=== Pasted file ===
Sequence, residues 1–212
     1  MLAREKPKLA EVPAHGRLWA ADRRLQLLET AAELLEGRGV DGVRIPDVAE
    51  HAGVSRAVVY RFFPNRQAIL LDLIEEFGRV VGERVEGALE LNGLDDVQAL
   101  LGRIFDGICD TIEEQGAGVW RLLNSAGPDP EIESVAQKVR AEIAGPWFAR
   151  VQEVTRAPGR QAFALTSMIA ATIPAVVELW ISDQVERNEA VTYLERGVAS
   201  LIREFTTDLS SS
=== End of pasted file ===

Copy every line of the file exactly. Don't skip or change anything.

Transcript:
Sequence, residues 1–212
     1  MLAREKPKLA EVPAHGRLWA ADRRLQLLET AAELLEGRGV DGVRIPDVAE
    51  HAGVSRAVVY RFFPNRQAIL LDLIEEFGRV VGERVEGALE LNGLDDVQAL
   101  LGRIFDGICD TIEEQGAGVW RLLNSAGPDP EIESVAQKVR AEIAGPWFAR
   151  VQEVTRAPGR QAFALTSMIA ATIPAVVELW ISDQVERNEA VTYLERGVAS
   201  LIREFTTDLS SS